The Tufts University community is mourning the loss of a 2012 graduate who authorities believe was trampled to death by elephants during her vacation in Thailand.
Lily Glidden, a 24-year-old native of Freeville, N.Y., likely was killed in a reserve in Thailand while trying to photograph the animals, authorities said Friday.
Her body was found by park rangers in a wooded area of a reserve outside Bangkok on Saturday, after being missing for five days, according to news reports.
She earned a degree in biology from Tufts in 2012 and had long been committed to her passion for wildlife and the outdoors. At one point, she was a member of a wilderness-training group based in Ithaca, N.Y., called Primitive Pursuits, according to a Tufts Daily article.
After leaving Tufts, Glidden worked as a researcher in a series of jobs. She trapped Mexican wolves in the West and handled venomous cobras and other exotic reptiles in Hong Kong.
On social media, she documented an active life of hiking and exploration in parks such as Yellowstone and Moab, Utah.
Family and friends described her as fearless. While attending Tufts, she was president of the college’s mountain club.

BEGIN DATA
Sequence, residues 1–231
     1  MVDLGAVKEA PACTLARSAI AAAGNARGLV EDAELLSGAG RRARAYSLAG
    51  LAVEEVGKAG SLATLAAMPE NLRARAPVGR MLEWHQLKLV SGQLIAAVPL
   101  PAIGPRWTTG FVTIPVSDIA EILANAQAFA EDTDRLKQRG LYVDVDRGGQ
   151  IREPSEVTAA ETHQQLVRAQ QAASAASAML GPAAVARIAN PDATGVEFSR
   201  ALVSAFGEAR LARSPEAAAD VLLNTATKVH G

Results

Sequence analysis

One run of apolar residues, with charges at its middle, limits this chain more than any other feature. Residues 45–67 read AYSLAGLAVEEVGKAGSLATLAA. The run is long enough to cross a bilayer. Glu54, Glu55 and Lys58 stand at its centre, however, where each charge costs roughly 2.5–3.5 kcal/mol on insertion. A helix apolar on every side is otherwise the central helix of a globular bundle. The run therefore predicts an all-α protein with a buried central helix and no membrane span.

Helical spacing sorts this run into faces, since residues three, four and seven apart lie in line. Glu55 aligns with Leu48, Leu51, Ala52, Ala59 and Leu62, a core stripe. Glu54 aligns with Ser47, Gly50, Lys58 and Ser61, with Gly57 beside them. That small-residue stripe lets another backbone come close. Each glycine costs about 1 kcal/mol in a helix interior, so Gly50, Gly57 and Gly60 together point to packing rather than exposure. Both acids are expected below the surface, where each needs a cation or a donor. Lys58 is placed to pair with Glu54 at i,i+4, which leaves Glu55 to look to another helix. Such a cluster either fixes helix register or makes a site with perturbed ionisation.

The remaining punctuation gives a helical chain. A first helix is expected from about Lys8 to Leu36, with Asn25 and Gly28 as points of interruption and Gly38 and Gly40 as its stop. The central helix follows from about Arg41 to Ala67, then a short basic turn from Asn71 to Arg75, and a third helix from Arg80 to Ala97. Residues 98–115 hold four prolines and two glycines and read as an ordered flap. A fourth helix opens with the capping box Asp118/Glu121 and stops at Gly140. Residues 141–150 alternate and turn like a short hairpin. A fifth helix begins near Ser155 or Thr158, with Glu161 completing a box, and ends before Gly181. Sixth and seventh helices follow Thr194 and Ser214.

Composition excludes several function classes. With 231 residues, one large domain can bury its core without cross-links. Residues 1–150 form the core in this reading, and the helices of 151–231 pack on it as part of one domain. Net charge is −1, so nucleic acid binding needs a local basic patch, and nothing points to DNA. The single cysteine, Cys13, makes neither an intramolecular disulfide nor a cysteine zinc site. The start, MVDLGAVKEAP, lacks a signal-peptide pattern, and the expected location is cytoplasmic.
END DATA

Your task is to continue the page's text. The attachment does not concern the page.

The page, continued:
Colin Orians, a Tufts biology professor who taught Glidden, “knew Lily well and cannot speak of her highly enough,” according to a statement from the university.
A student in a tropical ecology and conservation course that Orians taught, Glidden “excelled, had an infectious personality and inspired so many others,’’ the statement said. Students in the class describe her as vibrant, adventurous, and “a true inspiration.” They recalled her “contagious laugh and incredible spirit.”
“We will miss her dearly,” Orians said in the statement.
In a statement, her family said she knew of the dangers of working with wild animals and was “not a person to court foolish risks.”
In Thailand, a 70-member team searched for her after she left a campground alone and then disappeared in the Kaeng Krachan National Park, which encompasses 1,125 square miles.
Authorities said the severity of her injuries indicated she had probably been trampled by elephants, the Associated Press reported. Her body was sent to a medical examiner to confirm the cause of death.
“Looking at the pictures she took in her camera, we see a lot of animals, birds, snakes, lizards,” police Colonel Woradet Suanklaai told the Associated Press. “We assumed she wanted to take pictures of elephants because that’s what the Kaeng Krachan National Park is famous for. We believed she wanted to find them and take some photos.”Matt Rocheleau can be reached at firstname.lastname@example.org. Jennifer Smith can be reached at email@example.com.